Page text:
Small Wind Initiative: Page 2 of 4

For Western North Carolina

Inside this Article

Climbing a Wind Tower
Mike Dooraghi of the SWI team makes the long 120-foot climb up to the Jacobs for some maintenance.
Workshop Participants
Workshop participants on Beech Mountain at the Whisper 200 grid-tie installation.
Climbing a Wind Tower
Workshop Participants

Many of the turbines were installed during workshops to expose as many people as possible to the process and technology. Students from the Appropriate Technology program at Appalachian State University and staff members of the Small Wind Initiative were involved in all of the installations. The turbines installed are listed in the table, along with their rated output, tower height, and tower type.


In addition to demonstrating the technology, SWI has also been involved in assessing the performance of the turbines. We are keeping a log of our activities and repairs, power and energy output, wind speeds and direction, temperature, barometric pressure, solar insolation, wind shear, sound, and avian impacts.

The datalogging system uses a Campbell Scientific CR1000 datalogger, a Windows-based computer, twelve anemometers, seven wind vanes, a temperature sensor, a barometric pressure sensor, and six power transducers. Each turbine is being individually monitored for power and energy production. Wind speed is being monitored at two elevations on each tower, and wind direction is being monitored on each tower as well. Data is being recorded every second. We have constructed power curves of the turbines on our site and have documented that all produce their rated power output.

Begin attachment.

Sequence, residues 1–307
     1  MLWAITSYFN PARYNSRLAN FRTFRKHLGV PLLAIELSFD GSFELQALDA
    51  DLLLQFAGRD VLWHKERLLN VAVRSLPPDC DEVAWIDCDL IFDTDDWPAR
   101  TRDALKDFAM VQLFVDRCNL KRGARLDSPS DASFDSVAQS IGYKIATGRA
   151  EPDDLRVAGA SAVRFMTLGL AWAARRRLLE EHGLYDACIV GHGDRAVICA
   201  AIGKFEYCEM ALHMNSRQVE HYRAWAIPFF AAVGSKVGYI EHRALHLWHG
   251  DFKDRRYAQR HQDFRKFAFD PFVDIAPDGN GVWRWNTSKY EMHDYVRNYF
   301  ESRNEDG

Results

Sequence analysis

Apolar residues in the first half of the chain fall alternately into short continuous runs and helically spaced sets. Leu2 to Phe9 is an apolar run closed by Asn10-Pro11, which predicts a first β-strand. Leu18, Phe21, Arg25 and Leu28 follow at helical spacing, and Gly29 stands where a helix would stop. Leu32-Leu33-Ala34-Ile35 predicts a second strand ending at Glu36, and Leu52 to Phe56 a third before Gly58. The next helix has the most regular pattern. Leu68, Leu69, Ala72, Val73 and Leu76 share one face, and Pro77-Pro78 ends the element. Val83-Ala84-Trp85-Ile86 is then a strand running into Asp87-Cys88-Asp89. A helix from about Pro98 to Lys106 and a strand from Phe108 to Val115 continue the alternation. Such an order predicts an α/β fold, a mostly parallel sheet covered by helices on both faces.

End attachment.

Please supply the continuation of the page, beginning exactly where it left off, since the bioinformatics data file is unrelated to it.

An activity log has been kept for each turbine at the site. The log documents in text and photographs each of the eight turbines tested. It describes the problems encountered and the repairs undertaken (and can be found at We have had more than our fair share of problems. The average availability for all the turbines was 79 percent.


The SWI team met with a regional Audubon Society representative to develop an avian impact study. Using the Audubon procedures, we searched the site for bird carcasses at least weekly and after significant weather events (such as low cloud ceiling and fog). Searches were conducted as early in the day as possible to reduce the chance of carcass removal by other scavenging animals.

A “bird sweep” involves inspecting the ground around each tower in a back-and-forth manner, looking for bird carcasses. The inspected area covers the guy-wire diameter, plus about 3 meters (10 ft.). If the tower has no guy wires, the diameter of the inspected area is approximately the tower height. We searched the site under all of the turbines using the Audubon’s recommended procedures a total of twenty times during the fall and spring migration period. In addition, we always kept our eyes open while at the site working on other things. Over the last year, we found what was left of one bird carcass.


Noise can be a problem associated with any piece of machinery. Most permitting guidelines now being developed for wind turbines around the country address noise, and specify allowable noise at the adjacent property line, the nearest dwelling, or at a certain distance from the turbine. While there is no completely satisfactory way to measure the subjective effects of noise, typically 50 to 60 decibels is considered the maximum allowable, with some exceptions for short-term events.

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